After weeks of attending Billings City Council meetings in support of efforts to pass a non-discrimination ordinance (NDO) in the city—including an all-night meeting to keep the NDO from being tabled and three work sessions to draft the language for the ordinance—it was finally the day of the first reading. This was the big day, the real deal.
I arrived two hours before the City Council meeting began and four hours before the NDO was up for discussion. Supporters were slowly trickling into the Universalist Congregational Church across the street, grabbing snacks and orange t-shirts that said, “Billings Does Not Discriminate—Pass a Fully Inclusive NDO” and “Equality Montana.”
Everywhere I looked, supporters of equality and fairness were changing into the brightly colored orange shirts and preparing for the night ahead. There was a feeling of both excitement and anxiety hanging in the air—we knew this was going to be a long evening filled with both courageous testimony and difficult rhetoric.
People were gathered in groups, quietly talking about what they were going to say when given the opportunity to testify, how they thought the evening would go, and what the chances of success were. We all grabbed a few water bottles of water, put them in our shoulder bags and headed over to City Hall.
It was incredibly hot and muggy in the hallway leading into the chambers, and there were hundreds of people lining the walls. There was a clear divide between people supporting and opposing the NDO. Those in support donned their orange t-shirts, and the majority of the opponents were asked to wear white, supposedly to signify “purity.” It was a challenging setting for our friends, family, supporters, and allies. We were in close proximity for almost eight hours with the opposition, many of whom were speaking loudly about their distaste and moral disregard for the LGBTQ community.
We stood in line, slowly weaving our way closer to the podium and microphone. It felt like the line would never end, but eventually everyone had a chance to speak their truth. Testimony ended at 2:00 in the morning, and then the hour-long discussion by City Council began.
There were only about 50 people remaining in the chambers at this point, and you could almost feel the tension and anxiety in the room as we waited to hear the vote and subsequent fate of the NDO. The vote was split down the middle at 5-5, with the deciding vote lying in the hands of Mayor Tom Hanel.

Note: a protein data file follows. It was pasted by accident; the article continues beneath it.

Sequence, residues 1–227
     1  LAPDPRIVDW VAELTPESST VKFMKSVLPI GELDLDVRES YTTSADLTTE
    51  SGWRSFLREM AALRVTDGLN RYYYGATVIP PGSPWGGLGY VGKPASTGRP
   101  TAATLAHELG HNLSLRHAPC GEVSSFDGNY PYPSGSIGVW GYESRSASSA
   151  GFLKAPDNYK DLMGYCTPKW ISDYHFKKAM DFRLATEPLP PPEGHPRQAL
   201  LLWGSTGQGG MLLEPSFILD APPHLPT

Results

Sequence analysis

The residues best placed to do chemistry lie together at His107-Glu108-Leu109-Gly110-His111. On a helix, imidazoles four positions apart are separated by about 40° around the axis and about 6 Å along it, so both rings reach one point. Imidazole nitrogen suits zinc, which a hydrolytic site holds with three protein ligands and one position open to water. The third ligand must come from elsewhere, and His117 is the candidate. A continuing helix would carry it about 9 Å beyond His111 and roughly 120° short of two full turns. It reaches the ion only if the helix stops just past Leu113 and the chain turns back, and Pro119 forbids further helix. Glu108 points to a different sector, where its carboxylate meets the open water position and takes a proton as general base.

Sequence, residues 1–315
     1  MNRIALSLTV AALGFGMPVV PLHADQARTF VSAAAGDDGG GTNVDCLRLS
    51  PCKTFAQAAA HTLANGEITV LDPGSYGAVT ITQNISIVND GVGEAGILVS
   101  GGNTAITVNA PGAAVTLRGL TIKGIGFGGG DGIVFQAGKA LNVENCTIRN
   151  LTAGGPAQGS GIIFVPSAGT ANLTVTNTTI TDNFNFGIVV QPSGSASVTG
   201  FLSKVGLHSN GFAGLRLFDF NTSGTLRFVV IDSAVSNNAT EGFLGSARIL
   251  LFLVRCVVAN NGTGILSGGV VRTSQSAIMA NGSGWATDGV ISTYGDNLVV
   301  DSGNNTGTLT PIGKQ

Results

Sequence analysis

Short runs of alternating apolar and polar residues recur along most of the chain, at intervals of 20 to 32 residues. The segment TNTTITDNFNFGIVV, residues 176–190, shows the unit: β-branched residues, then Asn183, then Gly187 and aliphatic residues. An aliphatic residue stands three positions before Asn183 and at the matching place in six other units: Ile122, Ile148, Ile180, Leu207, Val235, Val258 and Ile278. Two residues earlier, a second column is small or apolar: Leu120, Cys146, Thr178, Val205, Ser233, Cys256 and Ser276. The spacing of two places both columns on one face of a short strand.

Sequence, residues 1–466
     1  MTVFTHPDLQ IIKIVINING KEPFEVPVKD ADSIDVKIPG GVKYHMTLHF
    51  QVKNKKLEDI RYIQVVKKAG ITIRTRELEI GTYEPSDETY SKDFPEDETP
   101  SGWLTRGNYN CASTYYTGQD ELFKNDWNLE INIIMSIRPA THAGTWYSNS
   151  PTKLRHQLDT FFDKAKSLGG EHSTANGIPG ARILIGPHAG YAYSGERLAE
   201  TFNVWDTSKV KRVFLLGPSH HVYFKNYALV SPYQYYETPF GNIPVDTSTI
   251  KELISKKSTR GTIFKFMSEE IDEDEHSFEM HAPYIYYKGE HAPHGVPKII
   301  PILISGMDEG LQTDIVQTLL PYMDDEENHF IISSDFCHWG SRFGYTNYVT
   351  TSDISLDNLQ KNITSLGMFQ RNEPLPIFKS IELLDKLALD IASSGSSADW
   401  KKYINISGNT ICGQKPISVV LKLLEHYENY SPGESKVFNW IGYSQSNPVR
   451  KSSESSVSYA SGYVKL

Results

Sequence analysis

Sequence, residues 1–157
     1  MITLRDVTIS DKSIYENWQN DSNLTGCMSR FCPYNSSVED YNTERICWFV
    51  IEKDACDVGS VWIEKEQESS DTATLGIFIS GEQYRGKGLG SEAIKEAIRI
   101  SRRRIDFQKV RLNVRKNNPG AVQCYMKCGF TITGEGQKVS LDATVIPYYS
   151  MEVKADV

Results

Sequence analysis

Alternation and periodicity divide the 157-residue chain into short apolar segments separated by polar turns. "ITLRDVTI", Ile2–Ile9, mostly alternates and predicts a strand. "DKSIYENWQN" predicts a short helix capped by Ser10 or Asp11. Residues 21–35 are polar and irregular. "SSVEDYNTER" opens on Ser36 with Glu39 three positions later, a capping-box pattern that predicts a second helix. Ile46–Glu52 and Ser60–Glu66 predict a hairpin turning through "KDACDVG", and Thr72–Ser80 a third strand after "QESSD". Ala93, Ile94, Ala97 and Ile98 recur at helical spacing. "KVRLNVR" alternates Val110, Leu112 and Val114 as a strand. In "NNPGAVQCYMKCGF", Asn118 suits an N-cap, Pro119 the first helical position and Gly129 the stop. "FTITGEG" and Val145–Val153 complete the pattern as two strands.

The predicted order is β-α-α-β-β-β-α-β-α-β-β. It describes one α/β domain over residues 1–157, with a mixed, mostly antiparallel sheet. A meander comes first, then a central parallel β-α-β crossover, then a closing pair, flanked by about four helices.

From the moment that Mayor Hanel began speaking, it was clear he felt strongly about the many perspectives he had heard; yet it was still unclear which way he would vote. By the end of his closing argument, however, I could feel a growing sense of dread in the pit of my stomach.
I looked around the room and saw that my fellow supporters of equality and fairness knew that we had lost his support. His statements were not short or concise, but they were sharp and cutting—it was clear that he did not understand how valuable and important this policy is for Billings. “This is not the right time, Billings is not ready,” he repeated over and over.
With his eight minute speech, Mayor Hanel effectively overturned our months of hard work and organizing. He removed the humanity from his decision, choosing to ignore the tangible and positive impact this ordinance would have on people’s lives and safety.
Each day Billings goes without passing a non-discrimination ordinance is another day that someone from our community can be fired for who they are, denied housing for who they love, or discriminated against because of someone’s ignorance or hatred.
For Debbie Schenk, a member of our Montana Leadership Action Team who was heavily involved in this campaign, “the defeat was heartbreaking and frustrating.” She also had a message for Mayor Hanel and the Councilmembers that voted against the ordinance: “Six people decided that ‘Billings is not ready.’ They are wrong. Not only are we ready, but we are committed. We are working for the rights of the people we love. It is not going to be easy and we must move forward with a clear strategy and much intention, but one thing is for sure, we are not going away. Signed…the Mom.”
The loss is devastating, but this fight is not over. We will learn from this loss and move forward as we have after every other setback. This will not define us, but energize us to work even harder, knowing we have more hearts and minds to change in order to gain the respect and the legal protections we deserve.
Coalition partners which include the ACLU of Montana, Forward Montana Foundation, Montana Human Rights Network, Not In Our Town, and the Human Rights Campaign are working together on next steps. Please stay tuned as we move forward with this campaign and mobilize the supporters in Billings that stand for equality, dignity, and fairness.
We know that we are standing on the right side of history, so for us it is not a question of if we get there, but when. And when we do—the victory will be even sweeter.
Kim Leighton is Pride Foundation’s regional development organizer in Montana. Email Kim.